Zimbabwe's opposition leader has said President Emmerson Mnangagwa's election victory is a "coup against [the people's] will".
Nelson Chamisa repeated his claim that the results announced late on Thursday night were fake, and said he had won Monday's presidential poll.
Responding, Mr Mnangagwa called for peace but said people were free to challenge the result in court.
This was the first election since long-term leader Robert Mugabe was ousted.
Earlier, in a tweet, the president urged Zimbabweans to unite to create "a new beginning" after a vote that was intended to set Zimbabwe on a new path following years of repressive rule.
Addressing journalists on Friday afternoon, Mr Chamisa called on his rival not to accept "corrupted results". He added that his MDC Alliance would pursue all legal and constitutional avenues to challenge the official result.
The opposition leader said he had evidence that ballot boxes were being transported in open trucks allowing them to be tampered with.
He questioned the discrepancies in the numbers of votes tallied in the parliamentary elections compared with the presidential poll. Both elections took place at the same time.
Mr Chamisa also said that his election agent was not allowed to verify the results on Thursday.
An hour after Mr Chamisa's press conference ended, the president spoke to journalists at state house.
He did not address the opposition leader's specific allegations, but said that under the country's constitution people were "free... to approach the courts".
Addressing Mr Chamisa directly, the president said: "You have a crucial role to play in Zimbabwe's present and in its unfolding future."
"Let us call for peace and unity in our land," he added.
He said he would be the president of all Zimbabweans, "for those who voted for me and for those who did not".
What is the situation in Harare?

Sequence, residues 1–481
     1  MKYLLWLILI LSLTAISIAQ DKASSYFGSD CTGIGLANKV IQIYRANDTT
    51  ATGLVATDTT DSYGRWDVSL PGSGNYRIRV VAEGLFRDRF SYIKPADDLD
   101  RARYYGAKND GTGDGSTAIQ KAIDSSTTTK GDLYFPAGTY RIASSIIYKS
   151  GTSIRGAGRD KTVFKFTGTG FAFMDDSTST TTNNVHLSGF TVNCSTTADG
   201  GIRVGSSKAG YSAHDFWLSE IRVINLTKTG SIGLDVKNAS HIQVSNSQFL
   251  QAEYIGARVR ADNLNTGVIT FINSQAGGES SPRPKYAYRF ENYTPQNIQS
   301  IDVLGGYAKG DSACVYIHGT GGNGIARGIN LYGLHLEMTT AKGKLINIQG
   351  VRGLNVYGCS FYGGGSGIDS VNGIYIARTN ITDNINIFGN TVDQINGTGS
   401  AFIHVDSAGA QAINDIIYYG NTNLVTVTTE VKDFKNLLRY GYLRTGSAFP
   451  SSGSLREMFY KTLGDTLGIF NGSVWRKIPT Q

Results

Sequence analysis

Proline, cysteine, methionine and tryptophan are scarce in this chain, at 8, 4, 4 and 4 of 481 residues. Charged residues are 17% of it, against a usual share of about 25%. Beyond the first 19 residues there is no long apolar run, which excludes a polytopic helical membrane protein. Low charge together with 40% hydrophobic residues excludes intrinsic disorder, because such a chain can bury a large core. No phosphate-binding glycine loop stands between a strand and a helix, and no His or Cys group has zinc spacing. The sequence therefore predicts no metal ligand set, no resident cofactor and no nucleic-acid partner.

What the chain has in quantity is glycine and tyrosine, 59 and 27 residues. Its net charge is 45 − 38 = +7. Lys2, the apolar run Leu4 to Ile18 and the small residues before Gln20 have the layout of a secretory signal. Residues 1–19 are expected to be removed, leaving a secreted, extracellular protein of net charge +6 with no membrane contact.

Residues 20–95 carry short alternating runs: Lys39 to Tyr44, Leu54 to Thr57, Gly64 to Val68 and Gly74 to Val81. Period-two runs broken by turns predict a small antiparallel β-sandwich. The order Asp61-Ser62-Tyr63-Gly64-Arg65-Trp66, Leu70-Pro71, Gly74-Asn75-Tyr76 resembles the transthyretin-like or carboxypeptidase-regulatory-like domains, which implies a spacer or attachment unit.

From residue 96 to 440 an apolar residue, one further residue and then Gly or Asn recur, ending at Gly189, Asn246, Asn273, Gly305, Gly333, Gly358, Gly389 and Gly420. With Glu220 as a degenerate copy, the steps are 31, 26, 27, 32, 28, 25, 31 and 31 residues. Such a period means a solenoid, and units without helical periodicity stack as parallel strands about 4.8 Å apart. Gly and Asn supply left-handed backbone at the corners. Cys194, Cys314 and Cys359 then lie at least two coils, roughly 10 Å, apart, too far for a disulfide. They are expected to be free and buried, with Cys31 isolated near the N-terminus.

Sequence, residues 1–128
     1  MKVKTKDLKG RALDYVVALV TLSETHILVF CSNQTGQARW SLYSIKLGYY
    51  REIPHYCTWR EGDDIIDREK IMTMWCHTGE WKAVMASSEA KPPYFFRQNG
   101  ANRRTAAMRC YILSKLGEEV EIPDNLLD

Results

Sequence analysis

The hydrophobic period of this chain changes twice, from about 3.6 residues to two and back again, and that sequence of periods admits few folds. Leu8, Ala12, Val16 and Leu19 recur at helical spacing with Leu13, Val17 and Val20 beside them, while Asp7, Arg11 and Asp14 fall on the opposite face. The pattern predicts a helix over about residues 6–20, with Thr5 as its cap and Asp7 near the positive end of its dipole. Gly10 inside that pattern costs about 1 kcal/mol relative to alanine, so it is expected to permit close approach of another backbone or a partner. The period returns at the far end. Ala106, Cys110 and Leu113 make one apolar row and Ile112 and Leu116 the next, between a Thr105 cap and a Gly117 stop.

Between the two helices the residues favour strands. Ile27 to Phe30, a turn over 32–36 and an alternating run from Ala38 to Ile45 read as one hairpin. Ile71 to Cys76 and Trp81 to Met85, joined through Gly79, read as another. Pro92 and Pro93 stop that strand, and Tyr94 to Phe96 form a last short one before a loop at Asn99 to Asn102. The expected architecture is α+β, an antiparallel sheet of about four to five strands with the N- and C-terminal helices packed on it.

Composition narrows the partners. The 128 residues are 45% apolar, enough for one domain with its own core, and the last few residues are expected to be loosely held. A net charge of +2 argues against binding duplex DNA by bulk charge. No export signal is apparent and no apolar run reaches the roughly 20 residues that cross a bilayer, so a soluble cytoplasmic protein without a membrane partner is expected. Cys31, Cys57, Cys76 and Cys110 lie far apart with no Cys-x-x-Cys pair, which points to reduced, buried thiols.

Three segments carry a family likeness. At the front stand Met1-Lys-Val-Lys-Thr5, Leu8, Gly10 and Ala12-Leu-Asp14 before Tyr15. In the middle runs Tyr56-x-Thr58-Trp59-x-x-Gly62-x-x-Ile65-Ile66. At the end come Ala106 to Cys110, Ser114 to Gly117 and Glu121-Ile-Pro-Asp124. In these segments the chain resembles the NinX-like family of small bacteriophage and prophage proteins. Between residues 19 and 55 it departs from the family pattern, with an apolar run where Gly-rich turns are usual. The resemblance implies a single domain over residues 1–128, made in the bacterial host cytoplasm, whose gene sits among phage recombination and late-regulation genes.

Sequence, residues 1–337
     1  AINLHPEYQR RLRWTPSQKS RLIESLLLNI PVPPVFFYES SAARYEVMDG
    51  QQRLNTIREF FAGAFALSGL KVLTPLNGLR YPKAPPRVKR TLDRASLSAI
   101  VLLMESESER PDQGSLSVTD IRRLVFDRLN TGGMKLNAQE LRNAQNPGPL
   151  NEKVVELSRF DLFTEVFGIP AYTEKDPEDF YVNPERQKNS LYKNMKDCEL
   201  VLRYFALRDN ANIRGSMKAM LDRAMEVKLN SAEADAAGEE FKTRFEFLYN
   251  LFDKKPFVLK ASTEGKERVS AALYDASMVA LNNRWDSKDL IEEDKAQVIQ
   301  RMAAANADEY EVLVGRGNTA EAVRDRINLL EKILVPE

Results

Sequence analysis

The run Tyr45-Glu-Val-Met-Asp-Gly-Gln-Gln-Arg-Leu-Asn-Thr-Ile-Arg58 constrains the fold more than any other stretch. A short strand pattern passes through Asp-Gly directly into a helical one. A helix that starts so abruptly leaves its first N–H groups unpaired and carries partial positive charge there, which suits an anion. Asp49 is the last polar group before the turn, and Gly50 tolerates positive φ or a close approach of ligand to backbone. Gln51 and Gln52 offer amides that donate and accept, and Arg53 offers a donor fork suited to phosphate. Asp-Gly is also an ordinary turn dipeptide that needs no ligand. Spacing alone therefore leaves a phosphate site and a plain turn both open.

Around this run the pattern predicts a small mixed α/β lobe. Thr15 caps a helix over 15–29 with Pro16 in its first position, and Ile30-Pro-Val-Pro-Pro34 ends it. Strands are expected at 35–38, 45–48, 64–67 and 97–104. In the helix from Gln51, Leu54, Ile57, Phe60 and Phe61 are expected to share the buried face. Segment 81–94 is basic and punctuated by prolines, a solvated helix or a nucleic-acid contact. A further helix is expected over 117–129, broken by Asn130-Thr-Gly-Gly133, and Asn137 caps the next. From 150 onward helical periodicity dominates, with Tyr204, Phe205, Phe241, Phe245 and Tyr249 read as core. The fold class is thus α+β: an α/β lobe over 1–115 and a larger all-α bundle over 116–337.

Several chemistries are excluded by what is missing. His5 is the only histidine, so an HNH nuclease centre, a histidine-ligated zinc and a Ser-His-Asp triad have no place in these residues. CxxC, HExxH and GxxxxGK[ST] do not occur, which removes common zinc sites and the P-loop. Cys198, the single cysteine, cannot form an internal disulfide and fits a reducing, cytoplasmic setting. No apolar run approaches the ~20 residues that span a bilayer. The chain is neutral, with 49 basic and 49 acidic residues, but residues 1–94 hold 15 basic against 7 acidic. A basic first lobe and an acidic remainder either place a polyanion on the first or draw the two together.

The authorities have apologised for the riot police's behaviour at the MDC Alliance press conference, saying they thought an unlawful public gathering was being organised.
President Mnangagwa tweeted that what the police tried to do had "no place in our society".
Police have been patrolling the streets of city after clashes between protesters and police on Wednesday left six people dead.
A police vehicle with a loudspeaker was broadcasting the message: "Zimbabwe is open for business. We are here to protect you. Feel free to walk and open your business. All is well, fear not."
The city, which is seen as an opposition stronghold, is quieter than normal as people are digesting the outcome, correspondents say.
But there were celebrations in one part of Harare. The president's supporters in the suburb of Mbare took to the streets to welcome the news.
Mr Mnangagwa avoided a run-off by just 36,464 votes out of more than 4.8 million cast.
Official results show he took 50.8 percent of the vote to Mr Chamisa's 44.3 percent. The 21 other candidates took up the remainder.
At the last election, Mr Mugabe won 61 percent of the vote, with the opposition's main candidate, the late Morgan Tsvangirai, winning 34 percent.
The Zimbabwe Electoral Commission (Zec) finished announcing the presidential election results in the early hours of Friday morning, after days of waiting.
Zec acknowledged that the wait had caused anxiety, and international observers had earlier urged the commission to speed up the announcement. Under the constitution, the commission had until Saturday to declare the result.
The results of the parliamentary election were announced earlier in the week. They gave Mr Mnangagwa's Zanu-PF 144 seats; the MDC Alliance, which is made up of seven parties, 64 seats, and one seat to the National Patriotic Front, formed by Mugabe loyalists.
Although Zanu-PF won by a landslide, its majority has shrunk since the 2013 election when it obtained 160 seats and the MDC 49.
A respected Zimbabwean independent monitoring group has added weight to the official result.
The Zimbabwe Electoral Support Network said, according to its sample survey, that Mr Mnangagwa had probably won enough support to avoid a run-off, though it left room for some doubt.
Mr Mnangagwa has vowed to revitalise Zimbabwe's tattered economy after decades of international isolation under Mr Mugabe.
The country has suffered from rampant inflation and high levels of poverty. The unemployment rate last year was as high as 90 percent, according to Zimbabwe's biggest trade union.